Residential construction practices in the U.S. have a certain Wild West flavor. Quality standards vary widely from one area of the country to another. For example, while builders in some regions pay meticulous attention when lapping a water-resistant barrier (WRB) or installing wall flashing, builders in other regions ignore best practice recommendations and code requirements.
This article will focus on brick veneer over wood-framed walls. Although good details for this type of cladding were figured out decades ago, there are still areas of the country where these details are widely ignored. If you’re thinking about buying a house with brick veneer, it’s probably worth your while to learn about best practice recommendations for brick veneer.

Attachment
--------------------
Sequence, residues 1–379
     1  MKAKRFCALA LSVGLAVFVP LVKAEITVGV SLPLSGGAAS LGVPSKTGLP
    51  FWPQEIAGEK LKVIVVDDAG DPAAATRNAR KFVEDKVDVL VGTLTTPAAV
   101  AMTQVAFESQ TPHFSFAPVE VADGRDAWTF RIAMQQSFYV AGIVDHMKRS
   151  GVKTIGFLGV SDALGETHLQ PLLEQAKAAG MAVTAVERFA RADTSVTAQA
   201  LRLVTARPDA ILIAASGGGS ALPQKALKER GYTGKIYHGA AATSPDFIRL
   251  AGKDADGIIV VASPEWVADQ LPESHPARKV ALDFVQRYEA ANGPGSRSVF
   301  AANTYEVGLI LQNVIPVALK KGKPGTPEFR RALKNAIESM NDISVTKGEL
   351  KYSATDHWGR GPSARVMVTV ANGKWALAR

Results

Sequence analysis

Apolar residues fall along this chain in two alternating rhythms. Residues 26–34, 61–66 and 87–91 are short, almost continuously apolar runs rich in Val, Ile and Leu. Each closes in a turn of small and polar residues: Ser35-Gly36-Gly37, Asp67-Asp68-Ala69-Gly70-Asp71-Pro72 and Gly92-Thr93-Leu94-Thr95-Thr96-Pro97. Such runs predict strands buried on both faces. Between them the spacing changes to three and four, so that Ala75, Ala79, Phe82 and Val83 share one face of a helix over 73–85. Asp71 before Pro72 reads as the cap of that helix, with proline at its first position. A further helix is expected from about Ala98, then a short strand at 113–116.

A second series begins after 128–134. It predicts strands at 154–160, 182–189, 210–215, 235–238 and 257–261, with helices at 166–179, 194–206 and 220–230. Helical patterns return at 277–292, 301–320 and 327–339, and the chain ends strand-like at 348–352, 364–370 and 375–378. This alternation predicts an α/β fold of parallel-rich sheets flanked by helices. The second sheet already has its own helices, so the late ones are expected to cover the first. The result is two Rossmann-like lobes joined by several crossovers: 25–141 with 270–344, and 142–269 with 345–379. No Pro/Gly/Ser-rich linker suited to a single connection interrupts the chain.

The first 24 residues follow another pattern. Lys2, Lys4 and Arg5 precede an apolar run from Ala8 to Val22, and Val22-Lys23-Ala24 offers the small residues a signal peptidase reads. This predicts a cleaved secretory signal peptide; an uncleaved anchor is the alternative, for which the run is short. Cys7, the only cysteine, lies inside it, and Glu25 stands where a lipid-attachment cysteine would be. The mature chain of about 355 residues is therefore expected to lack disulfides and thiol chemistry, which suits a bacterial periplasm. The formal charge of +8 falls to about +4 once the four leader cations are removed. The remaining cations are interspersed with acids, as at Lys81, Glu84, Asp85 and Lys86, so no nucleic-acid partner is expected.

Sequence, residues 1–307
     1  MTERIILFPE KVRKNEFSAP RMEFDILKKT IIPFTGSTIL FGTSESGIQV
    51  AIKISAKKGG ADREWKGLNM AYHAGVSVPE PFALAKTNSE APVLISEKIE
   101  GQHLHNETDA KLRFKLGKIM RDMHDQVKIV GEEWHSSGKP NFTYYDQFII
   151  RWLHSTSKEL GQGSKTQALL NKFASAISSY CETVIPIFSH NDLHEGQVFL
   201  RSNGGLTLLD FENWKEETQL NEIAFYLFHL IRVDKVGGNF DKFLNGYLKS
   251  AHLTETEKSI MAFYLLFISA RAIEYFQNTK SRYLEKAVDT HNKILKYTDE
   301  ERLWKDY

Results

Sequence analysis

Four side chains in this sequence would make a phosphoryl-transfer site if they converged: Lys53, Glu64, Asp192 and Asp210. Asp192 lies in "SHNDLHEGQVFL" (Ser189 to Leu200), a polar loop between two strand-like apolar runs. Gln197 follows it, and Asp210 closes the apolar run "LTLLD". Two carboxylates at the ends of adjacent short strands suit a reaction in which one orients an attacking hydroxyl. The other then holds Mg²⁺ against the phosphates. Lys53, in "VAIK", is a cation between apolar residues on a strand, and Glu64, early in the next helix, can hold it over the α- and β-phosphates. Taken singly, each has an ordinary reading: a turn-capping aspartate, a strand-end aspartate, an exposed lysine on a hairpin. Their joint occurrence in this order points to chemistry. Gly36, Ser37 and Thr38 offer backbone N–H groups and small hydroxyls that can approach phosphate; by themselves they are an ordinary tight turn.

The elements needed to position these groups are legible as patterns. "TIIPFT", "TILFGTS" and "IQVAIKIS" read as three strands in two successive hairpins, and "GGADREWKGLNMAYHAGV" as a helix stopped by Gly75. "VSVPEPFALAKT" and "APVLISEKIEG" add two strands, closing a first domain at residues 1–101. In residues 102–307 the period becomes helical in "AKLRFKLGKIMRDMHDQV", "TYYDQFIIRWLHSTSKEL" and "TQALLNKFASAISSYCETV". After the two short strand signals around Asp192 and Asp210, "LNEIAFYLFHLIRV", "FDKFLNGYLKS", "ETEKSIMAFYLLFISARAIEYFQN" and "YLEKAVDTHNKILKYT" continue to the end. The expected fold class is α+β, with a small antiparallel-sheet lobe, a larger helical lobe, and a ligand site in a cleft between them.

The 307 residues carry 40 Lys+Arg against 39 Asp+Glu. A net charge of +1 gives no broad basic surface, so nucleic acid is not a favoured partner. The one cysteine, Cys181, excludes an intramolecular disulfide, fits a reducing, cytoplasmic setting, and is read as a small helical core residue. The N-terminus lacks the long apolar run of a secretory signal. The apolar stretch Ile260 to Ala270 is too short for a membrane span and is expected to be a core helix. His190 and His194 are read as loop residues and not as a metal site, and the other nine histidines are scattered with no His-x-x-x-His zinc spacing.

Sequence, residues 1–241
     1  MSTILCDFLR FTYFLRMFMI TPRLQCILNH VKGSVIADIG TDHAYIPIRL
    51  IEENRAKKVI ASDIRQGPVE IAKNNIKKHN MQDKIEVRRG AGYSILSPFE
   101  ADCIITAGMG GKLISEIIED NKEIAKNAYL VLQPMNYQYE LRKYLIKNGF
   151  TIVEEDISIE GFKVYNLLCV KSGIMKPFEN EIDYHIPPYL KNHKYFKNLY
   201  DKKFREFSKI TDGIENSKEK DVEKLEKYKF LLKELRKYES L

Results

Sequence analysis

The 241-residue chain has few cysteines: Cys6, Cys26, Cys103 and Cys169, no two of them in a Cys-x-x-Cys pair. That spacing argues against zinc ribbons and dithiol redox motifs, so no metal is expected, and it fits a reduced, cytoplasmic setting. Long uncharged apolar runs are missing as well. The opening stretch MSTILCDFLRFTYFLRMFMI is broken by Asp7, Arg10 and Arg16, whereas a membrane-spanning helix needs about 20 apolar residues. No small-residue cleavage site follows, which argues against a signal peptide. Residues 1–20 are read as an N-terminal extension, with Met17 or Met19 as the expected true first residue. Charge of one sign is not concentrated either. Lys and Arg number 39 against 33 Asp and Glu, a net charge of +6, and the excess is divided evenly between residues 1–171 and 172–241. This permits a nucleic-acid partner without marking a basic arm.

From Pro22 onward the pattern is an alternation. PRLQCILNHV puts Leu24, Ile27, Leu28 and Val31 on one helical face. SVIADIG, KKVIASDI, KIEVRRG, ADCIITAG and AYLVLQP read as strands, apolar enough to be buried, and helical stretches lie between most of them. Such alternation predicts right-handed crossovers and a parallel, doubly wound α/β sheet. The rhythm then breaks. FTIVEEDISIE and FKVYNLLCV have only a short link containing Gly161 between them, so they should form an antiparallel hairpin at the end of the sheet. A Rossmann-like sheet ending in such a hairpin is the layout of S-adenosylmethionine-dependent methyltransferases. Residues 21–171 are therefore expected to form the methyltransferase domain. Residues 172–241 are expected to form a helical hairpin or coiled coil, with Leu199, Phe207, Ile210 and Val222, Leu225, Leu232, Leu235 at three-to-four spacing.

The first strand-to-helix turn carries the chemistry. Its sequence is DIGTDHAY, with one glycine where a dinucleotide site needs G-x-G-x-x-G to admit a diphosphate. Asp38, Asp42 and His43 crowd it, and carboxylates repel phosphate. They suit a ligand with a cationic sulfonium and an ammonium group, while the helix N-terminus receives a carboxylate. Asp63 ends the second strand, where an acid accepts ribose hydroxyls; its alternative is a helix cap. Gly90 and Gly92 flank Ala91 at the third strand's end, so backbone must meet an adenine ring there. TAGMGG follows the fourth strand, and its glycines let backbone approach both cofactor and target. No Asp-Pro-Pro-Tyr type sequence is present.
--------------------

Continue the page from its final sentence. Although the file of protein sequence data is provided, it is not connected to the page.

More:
Until World War II, most brick walls were multi-wythe load-bearing walls. In other words, the brick walls supported beams, floor joists, and roof rafters.
Eventually, someone got the bright idea to build a wood-framed building with one wythe of brickwork on the exterior of a 2×4 bearing wall. Brick veneer doesn’t bear any loads; in function, brick veneer resembles vinyl siding more than it resembles the brick walls of yore.
What happens when masonry is wed to wood framing in this manner? Is it marriage made in heaven or a recipe for disaster? The answer depends on the flashing and drainage details.
Before discussing best practice recommendations for brick veneer, let’s look at what happens when wind-driven rain soaks a brick-veneer wall. It isn’t hard for building scientists to study this phenomenon: all they have to do is remove the drywall and insulation from the exterior wall of a brick veneer building, and cut a few inspection holes in the sheathing. That way they can watch what happens when the exterior side of the wall is sprayed with a garden hose.